Are you ready for some noonball?
A peek into the thrice-weekly pickup game that pits students against faculty and staff on the hardwood of Jordan Gym.
By Kristin M. Simonetti ’05
The rhythmic sound of a bouncing ball is hardly foreign to Jack Wooten, an assistant coach for the Phoenix men’s basketball team. But when he and his fellow coaches Monty Sanders ’09, Will Roberson and Tim Sweeney heard the sound emanating from Jordan Gym every Monday, Wednesday and Friday at 12 p.m., they were intrigued.
“We wondered, ‘well, what is this all about?’” Wooten recalls.
When they walked across the Koury Center Atrium, they stumbled upon a little-known Elon tradition: Noonball, a lunchtime pickup game that brings faculty, staff and students together for friendly competition three days a week. So the coaches decided to join in.
“They were very welcoming, the professors and the students,” Wooten says, “and we’ve been hooked ever since.”
The exact origins of Noonball aren’t clear, but Joel Karty, associate professor of chemistry, says it predates his arrival at Elon more than 10 years ago.
“I hear stories of yore about Gerry Francis coming out here and showing some students a lesson or two on the court,” Karty says, noting the tradition had waned in the years before he came to Elon.
He and Joel Hollingsworth, senior lecturer of computing sciences, “were basketball players in a previous life” and worked to resuscitate the game. At the beginning of each academic year, Karty sends an email to faculty and staff inviting them to join in the fun.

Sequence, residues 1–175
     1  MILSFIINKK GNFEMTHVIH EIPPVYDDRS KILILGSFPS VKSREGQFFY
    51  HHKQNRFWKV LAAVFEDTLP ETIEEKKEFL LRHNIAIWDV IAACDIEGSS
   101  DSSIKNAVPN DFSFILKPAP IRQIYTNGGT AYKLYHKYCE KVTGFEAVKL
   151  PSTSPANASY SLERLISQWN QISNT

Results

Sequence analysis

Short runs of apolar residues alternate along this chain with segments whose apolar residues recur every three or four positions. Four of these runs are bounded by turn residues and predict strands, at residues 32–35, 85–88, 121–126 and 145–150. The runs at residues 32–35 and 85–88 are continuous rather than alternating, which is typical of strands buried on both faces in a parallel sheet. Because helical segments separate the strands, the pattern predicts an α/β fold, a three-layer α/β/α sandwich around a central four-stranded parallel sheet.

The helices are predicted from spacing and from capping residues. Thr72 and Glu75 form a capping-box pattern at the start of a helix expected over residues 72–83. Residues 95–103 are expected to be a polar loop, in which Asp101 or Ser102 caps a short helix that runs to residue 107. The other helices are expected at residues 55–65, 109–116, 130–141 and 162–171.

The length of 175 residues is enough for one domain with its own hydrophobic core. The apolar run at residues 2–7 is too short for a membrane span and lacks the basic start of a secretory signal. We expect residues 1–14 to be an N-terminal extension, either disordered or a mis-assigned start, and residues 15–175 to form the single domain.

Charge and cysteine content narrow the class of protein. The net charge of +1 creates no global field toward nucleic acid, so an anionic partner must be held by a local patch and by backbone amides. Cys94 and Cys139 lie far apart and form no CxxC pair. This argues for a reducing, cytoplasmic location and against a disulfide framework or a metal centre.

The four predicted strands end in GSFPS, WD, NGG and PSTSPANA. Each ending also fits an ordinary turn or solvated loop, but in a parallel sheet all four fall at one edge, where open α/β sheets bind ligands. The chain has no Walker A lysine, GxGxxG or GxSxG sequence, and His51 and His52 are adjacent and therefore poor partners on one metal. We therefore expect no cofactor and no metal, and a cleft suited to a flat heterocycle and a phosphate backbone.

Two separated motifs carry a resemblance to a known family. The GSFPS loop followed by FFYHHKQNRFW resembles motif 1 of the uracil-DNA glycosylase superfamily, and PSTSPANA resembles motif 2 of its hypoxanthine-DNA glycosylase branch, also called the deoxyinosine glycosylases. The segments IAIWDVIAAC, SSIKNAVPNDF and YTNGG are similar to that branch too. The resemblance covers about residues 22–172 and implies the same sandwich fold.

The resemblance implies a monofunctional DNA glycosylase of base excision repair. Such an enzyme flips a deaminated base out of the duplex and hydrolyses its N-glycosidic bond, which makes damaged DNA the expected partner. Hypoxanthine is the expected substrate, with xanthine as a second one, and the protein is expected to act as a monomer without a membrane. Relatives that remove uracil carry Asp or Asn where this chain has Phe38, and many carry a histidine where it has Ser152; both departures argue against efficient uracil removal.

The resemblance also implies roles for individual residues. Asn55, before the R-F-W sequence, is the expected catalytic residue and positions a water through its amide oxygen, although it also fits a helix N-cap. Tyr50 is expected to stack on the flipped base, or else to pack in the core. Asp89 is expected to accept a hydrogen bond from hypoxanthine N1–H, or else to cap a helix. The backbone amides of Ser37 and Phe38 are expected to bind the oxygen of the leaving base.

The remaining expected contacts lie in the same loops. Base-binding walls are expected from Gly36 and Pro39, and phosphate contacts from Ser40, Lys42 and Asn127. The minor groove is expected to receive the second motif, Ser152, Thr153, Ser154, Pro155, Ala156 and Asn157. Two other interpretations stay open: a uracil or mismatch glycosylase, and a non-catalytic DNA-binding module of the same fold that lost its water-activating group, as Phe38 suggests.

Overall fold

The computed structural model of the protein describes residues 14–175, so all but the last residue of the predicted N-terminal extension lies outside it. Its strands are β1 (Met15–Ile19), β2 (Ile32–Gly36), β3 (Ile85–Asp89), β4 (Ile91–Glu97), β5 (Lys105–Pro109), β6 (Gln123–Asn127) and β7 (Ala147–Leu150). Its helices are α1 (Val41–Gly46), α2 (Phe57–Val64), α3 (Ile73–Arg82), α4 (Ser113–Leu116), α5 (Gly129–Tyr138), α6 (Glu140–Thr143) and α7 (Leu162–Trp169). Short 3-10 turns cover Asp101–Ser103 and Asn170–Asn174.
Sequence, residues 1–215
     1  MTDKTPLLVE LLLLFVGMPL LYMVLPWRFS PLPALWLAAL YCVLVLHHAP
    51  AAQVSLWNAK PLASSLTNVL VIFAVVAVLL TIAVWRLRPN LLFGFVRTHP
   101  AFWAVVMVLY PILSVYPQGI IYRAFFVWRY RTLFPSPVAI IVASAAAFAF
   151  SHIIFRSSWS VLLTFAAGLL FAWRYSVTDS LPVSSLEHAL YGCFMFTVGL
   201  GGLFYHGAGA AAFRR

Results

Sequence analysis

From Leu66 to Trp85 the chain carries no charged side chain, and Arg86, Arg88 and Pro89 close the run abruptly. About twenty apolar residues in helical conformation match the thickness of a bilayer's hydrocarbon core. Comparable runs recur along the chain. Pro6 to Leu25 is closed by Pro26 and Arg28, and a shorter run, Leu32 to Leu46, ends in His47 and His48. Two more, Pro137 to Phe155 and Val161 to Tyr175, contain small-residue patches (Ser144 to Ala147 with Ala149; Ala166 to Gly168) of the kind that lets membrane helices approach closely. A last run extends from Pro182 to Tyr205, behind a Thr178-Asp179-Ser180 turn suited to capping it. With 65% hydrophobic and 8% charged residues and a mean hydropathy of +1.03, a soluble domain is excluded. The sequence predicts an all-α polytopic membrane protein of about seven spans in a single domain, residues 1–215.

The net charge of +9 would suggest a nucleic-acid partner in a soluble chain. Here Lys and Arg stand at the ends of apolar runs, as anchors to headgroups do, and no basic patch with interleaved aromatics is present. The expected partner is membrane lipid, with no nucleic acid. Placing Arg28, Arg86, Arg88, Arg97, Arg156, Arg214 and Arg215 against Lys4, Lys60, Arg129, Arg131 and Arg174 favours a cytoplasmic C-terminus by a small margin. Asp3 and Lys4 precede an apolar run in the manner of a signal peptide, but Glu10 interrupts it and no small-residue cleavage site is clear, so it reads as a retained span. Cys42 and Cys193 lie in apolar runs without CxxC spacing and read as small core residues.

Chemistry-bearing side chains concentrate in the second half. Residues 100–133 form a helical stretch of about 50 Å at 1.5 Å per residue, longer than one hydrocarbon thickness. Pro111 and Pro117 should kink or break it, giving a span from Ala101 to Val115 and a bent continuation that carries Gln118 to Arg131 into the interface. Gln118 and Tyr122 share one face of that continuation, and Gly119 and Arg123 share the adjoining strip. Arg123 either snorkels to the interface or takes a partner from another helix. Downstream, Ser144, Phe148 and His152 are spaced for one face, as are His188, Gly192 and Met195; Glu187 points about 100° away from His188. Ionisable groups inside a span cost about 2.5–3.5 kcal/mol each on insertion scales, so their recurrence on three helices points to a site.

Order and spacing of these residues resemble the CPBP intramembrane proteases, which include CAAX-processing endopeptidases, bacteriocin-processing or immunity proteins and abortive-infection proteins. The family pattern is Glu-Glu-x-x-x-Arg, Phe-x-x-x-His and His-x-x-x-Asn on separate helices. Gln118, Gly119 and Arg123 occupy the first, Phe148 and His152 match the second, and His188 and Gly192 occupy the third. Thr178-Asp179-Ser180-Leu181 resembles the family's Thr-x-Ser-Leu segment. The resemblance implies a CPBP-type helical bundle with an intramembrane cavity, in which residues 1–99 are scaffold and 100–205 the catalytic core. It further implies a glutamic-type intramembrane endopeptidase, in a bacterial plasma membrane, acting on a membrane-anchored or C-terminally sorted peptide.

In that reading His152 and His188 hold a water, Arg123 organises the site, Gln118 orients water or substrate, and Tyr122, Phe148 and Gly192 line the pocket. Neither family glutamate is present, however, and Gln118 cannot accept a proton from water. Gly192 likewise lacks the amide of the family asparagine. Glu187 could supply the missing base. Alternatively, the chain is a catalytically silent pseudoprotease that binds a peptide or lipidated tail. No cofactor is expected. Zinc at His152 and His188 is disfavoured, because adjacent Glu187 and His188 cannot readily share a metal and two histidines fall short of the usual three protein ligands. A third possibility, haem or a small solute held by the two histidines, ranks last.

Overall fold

The recruiting process for students is more informal, happening mainly through word-of-mouth. Sophomore Tony Woods, a basketball player since age 3 who hopes to make the Elon varsity basketball team next year, heard about Noonball from a friend who works at Campus Recreation and decided to give it a try.
“It’s a little weird,” Woods says of playing against professors and other staff, “but it’s fun. You’ll talk about assignments, then you’ll get into a little trash talk on the
court. It’s a good experience.”
Noonball starts when 10 people arrive at Jordan Gym to field two teams, but the crowd typically swells to 20 players or more. The first and last games are played to 21 points; games in between go to 17 points to allow as many people on the court as possible in the 1 1/2 hours Noonball lasts. Players call their own fouls, and the team that wins gets to stay on the court.
“If you lose, you don’t get to play for 30 minutes sometimes,” Roberson says. “That’s when it gets really competitive.”
It’s exactly that quality that attracts so many students to Noonball. The opportunity to play against former collegiate basketball players doesn’t hurt either: Sanders played for Elon, Wooten for the University of North Carolina and Sweeney for the University of Rochester.
“They let us relive our glory days out here every Monday, Wednesday and Friday,” Sanders quips.
“It’s really cool to play with people of that caliber,” says senior Paul Riuli, who’s been a regular Noonball player for more than three years. “They’re very competitive, and you have to really give it your all.”
Like College Coffee on Tuesdays or Chapel on Thursdays, the beauty of Noonball is its ability to bring people from different parts of campus together. And that’s what keeps faculty, staff and students coming back for more, year after year.
“I’m in the sciences,” Karty says, “and when you have someone from art and history and sociology, and everyone comes out and plays together, those are people that I’d never get to know if I didn’t come out here. The same goes for the students.”
This story first appeared in the Spring 2012 edition of The Magazine of Elon. To see the latest edition, click here.